Written in diary form, Braudy’s book begins as she is working on a magazine profile of a Cajun fiddler, who seduces her. Six years married and faithful to her husband “Paul,” a young New York professor, she pursues the affair—out of curiosity, pleasure, and what is at first a marginal sense of independence. She works hard to convince herself that her fling is (a) good for her (b) nonexistent (c) a shameful betrayal (d) irrelevant to her love for her husband and to their marriage, which all her friends consider “perfect” (anyone who has been married more than two years will recognize that one).
Later she begins a second affair, this time with a middle-aged academic rock critic, “John Schwartz.” With no formed intention of abandoning her husband she half pushes him together with another woman and then tortures herself with fantasies of their liaison. Finally she confronts her husband. Yes, he is in love with another woman, as she has not been with her lovers. She gets more than she bargained for, and the marriage cracks open. Braudy does not try to make herself likable in these pages, and often she is not. Her writing is unaffected. Her portraits of her husband and herself are so convincing that the two of them come off the page as complex individuals. As Braudy’s affairs unfold, you feel as if you are made a party to her husband’s cuckoldry, as if you are a friend who has been told a secret you would rather not have heard. I felt both implicated in Braudy’s actions and victimized by them; I didn’t like the feeling, but it drew me all the way into the book, changing what was an interest in her story into a kind of commitment to it.
This is a tribute to her writing (and it is ironic that Braudy begins her affair with “Schwartz” because she idolizes his writing; she is a better writer than he has ever thought of being). And though the sections detailing Braudy’s life after the breakup are less compelling than those preceding and during it—her emergence as a sexually aggressive, confident woman is persuasive, but it seems a little too pat, too predictable—the sentences jump when the book hits its crucial moments, as if Braudy knew she had to bear down hardest on those events most likely to surrender to cliché Most striking, perhaps, is her confrontation with her husband:
“I’ve always liked you very much [he tells her] but I never loved you.”
“You liar,” I bellow at him, raising my fist. “You goddamn fucking liar. You can’t rewrite my life. I love you. Don’t you think I need you?”
“Emily needs me more than you do,” he says stoutly… “And I’ve spent my last night masturbating… Yes, masturbating because you were too depressed or preoccupied and didn’t feel like screwing.” Shocked, I keep watching his face. I feel nauseated; he looks like someone I’ve never met… “Don’t you think I love you, Paul?”… “Emily loves more sides of me than you do,” he recites, sounding like a robot who’s just learned a new series of key phrases.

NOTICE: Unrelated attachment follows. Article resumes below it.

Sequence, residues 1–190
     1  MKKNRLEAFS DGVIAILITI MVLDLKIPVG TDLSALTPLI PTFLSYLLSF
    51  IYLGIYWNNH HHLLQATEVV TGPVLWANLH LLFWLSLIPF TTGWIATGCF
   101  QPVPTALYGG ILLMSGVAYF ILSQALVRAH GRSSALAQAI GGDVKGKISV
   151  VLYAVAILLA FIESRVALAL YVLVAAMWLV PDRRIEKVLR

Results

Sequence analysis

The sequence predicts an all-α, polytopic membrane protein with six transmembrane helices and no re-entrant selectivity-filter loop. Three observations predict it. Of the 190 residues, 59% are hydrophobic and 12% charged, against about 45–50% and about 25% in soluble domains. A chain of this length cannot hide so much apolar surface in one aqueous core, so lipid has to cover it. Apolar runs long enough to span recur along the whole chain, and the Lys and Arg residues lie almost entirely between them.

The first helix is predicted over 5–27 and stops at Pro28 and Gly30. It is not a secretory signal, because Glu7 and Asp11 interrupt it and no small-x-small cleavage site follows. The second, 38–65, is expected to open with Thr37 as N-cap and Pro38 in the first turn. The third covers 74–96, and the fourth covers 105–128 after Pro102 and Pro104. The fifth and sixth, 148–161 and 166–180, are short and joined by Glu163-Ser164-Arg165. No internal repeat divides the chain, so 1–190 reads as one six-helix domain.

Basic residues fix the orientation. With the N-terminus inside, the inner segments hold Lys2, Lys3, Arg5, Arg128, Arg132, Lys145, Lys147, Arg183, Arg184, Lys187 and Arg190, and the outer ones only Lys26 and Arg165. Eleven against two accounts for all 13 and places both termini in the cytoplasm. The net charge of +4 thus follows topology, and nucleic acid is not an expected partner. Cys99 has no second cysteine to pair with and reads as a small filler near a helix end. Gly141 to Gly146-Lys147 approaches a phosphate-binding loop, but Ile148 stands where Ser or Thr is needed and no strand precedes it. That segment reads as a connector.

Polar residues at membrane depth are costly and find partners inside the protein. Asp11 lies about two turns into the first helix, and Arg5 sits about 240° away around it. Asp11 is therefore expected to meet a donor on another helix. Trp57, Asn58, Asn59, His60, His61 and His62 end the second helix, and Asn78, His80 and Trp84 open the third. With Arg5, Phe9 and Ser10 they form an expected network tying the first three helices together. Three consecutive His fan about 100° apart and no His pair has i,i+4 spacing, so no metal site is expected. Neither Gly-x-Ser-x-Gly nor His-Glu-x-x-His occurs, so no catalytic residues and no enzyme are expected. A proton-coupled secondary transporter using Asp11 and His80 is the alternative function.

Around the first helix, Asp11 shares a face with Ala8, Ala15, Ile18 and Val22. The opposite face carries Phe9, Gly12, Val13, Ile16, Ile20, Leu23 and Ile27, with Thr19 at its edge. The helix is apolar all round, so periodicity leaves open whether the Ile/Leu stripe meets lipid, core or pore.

Finally, they go to bed, Braudy exhausted and raging, her husband full of an elation she cannot endure. In the dark she says:
“Paul, it’s probably too late. I just want you to have a good life.” I am victorious. I can still hurt him. He tightens his mouth and walks to the bathroom. I am alone. When I said, “Have a good life, Paul,” I really got him. I got him with that one.
There, in that staccato repetition, is Braudy’s hold on her story, on her reader, and on her strength as a writer.
I am less impressed with the inspirational/new-woman aspects of this book than are the people quoted on the dust jacket; the story is too sharply told to fit a neat, ideologically proper purpose. And it would be unfortunate if Between Marriage and Divorce were treated simply as a woman’s book. As a soap opera that exploded, it takes you around its turns faster than you could have expected to go, and at its best crosses up whatever expectations you might bring to it.
→ America in the Movies by Michael Wood (Basic Books). Wood is a fine critic in the pages of the New York Review, but save for the first chapter this is a remarkably pedestrian interpretation of classic Hollywood cinema. Wood writes with the enthusiasm of a man with wonderful secrets to tell, but you’ll be surprised by what he has to say only if you prefer sleeping
→ Decadence: Radical Nostalgia, Narcissism, and Decline in the Seventies by Jim Hougan (Morrow). Thought for the day: “Nero correctly understood that beauty, music and irony can coexist with disintegration, that the inevitable can be accompanied on the violin.” Perhaps the stupidest book I have ever read.
→ Jack Carter and the Law by Ted Lewis (Knopf). You can tell Lewis is hard-boiled; he’s the kind of crime writer who thinks commas are for sissies.
→ Winter Kills by Richard Condon (Dell paperback). Concerning the unraveling of the conspiracy behind the assassination of President Tim Kegan (read JFK), with a plot so complicated it must have cost Condon a fortune in graph paper, a villain any thriller fan will guess in the first fifty pages, and the most intricately ironic, clichéd and ludicrous ending since the invention of the sentence.
Rolling Stone, November 6, 1975